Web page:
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premised on engaging the Base of the Pyramid (BoP). The term ‘small and medium’ is beginning to be too constraining to include all the ‘emerging’ companies. Take ZHL Ambulance Service in India as an example: founded in 2005, they now have over 5,000 employees, a total that does not fit most definitions of ‘SME.’ Comparing these two groups of companies, the findings are really surprising: ● In terms of revenue, the emerging and maturing companies are outperforming the inclusive business initiatives of the large companies. ● In terms of reach to people at the BoP, the emerging and maturing companies are matching the large companies for numbers reached. Not surprisingly, both groups of companies have some that are progressing slowly and some flourishing. The emerging and maturing companies have more at either end of the spectrum (‘progressing slowly’ or ‘flourishing’), whereas initiatives of large companies are more often perceived (by the company) to be ‘on track’. Several of the emerging and maturing companies are in finance, energy and health, which are sectors that show high potential, though also some failures. In the energy sector, SolarNow is a great example of a ‘breakthrough SME.’ In an interview for the report, CEO, Willem Nolens, explained that consumer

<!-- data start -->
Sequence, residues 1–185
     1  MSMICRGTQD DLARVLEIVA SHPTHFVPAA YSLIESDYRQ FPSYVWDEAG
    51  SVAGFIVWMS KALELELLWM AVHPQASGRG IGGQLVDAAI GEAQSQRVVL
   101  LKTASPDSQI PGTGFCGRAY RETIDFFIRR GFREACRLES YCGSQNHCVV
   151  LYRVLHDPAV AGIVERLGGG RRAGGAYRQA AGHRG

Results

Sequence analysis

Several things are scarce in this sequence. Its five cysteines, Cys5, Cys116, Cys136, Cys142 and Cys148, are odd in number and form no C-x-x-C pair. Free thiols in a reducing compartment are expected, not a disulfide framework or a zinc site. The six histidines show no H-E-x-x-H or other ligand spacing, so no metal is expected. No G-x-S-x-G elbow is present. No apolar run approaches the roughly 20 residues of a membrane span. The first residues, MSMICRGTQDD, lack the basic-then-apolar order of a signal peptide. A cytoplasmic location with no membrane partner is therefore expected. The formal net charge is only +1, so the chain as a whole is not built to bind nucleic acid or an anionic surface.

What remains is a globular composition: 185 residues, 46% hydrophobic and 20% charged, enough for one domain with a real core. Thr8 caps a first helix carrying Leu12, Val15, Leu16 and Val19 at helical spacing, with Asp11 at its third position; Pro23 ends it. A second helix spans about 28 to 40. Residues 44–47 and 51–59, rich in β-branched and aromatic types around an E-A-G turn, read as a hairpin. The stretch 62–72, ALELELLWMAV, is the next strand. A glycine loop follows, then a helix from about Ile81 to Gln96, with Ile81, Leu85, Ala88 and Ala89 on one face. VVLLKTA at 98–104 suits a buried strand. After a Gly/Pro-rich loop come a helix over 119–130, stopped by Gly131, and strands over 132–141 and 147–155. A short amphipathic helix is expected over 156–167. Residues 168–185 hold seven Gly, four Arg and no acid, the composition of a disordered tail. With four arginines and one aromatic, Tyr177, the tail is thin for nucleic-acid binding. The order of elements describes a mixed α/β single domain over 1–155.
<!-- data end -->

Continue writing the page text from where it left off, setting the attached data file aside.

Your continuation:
financing, product quality, and local wordof-mouth – and definitely not an NGO or donor-led approach – have been critical for building the foundations for success. The role of finance is key. We often hear how hard it is for SMEs to access finance and how hard it is for investors to find investable propositions. So it is great to hear that SolarNow have just closed a €2m equity investment, which will finance faster growth and geographic expansion. Another breakthrough SME, Waste Capital Partners, has even more astonishing news: their first investment round was so successful that they were turning away willing investors. Waste Capital Partners received a seed grant from Sida’s Innovations Against Poverty programme (IAP) some years ago: at the time, it was an innovative company that initially barely registered on the IAP monitoring metrics for revenue or numbers served. Now, Parag Gupta, their CEO, credits that early, risk-tolerant grant finance from IAP as critical for crossing the gap to where they are today, rolling out across multiple Indian cities. For other breakthrough SMEs, a business-to-business partnership can be the key that unlocks scale. For example, ClickMedix’s partnership with Medtronic, a global medical device manufacturer, is the driver of fast growth for ear-screening services that harness the mobile-enabled applications and connectivity of ClickMedix. A new driver of growth has been spotted, and this is really good news. We always hear about regulatory constraints. There are now cases where positive regulation contributes to growth of these emerging inclusive businesses. Empower Pragati in India has benefited tremendously from government support for vocational training of low-income youth. The stories tell of energy and enthusiasm. What does the data show? The